Grapes vines should be planted in the soil, with their roots outside the greenhouse, so that they do not need to be watered. The vines themselves should be trained so that the stem or “rod” is led under the base of the greenhouse into the inside of the greenhouse.

The main stem should be allowed to grow up the inside of the greenhouse until it reaches a wire (fencing wire), hung horizontally about 30 cm below the rafters. The wire should be positioned so that the hanging bunches of grapes are out of the way of your head.

Train the main stem along the horizontal wire until it reaches the other side of the greenhouse. The vine should cling to the wire with tendrils, but can be helped by tying-in with jute twine. Never tie in with wire or polythene twine or it will strangle the stem.

They should be pruned in the Winter, while they are dormant, as they can “bleed” very badly if they are pruned while the sap is rising. You can “pinch” out with finger and thumb, the new soft growth in the Summer quite safely, but the harder older growth must only be pruned while the vine is dormant.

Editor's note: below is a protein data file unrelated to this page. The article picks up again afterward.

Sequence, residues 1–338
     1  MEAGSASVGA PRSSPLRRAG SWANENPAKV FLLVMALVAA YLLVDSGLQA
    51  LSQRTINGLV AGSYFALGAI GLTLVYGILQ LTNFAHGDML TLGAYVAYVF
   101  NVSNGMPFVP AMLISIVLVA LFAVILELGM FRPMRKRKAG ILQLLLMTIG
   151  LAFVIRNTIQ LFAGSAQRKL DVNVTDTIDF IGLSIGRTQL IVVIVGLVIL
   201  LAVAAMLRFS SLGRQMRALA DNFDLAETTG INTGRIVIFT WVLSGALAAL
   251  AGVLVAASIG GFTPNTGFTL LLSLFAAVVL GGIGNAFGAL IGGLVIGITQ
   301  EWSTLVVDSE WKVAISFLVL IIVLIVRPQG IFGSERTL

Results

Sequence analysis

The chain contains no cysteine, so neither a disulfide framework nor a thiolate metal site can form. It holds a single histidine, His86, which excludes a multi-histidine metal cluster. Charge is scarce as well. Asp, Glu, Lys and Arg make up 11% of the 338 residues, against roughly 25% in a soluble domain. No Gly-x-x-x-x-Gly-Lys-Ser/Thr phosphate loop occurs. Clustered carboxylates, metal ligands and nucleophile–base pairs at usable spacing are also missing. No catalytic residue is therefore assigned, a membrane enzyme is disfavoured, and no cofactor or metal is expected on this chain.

Cultivation for the new year starts in March by lightly sprinkling some quick release fertilizer on the ground around the main stem, which will probably be outside the Greenhouse. The buds will start to break in April, and the tiny flowers will appear in May. While grapes are self-fertile, shake them to fertilize the flowers with the pollen and get a better fruit set.

Only keep one fruiting shoot (lateral) per node, spur or bud, and pinch back the fruiting shoot after two leaves have grown beyond the first flower spike.

Only keep one flower spike for each fruiting shoot, to maximise the size of the remaining  grape bunch. Though the season, keep on pinching out any excessive growth with your finger and thumb, otherwise the vine will become a “fankle” of tangled stems.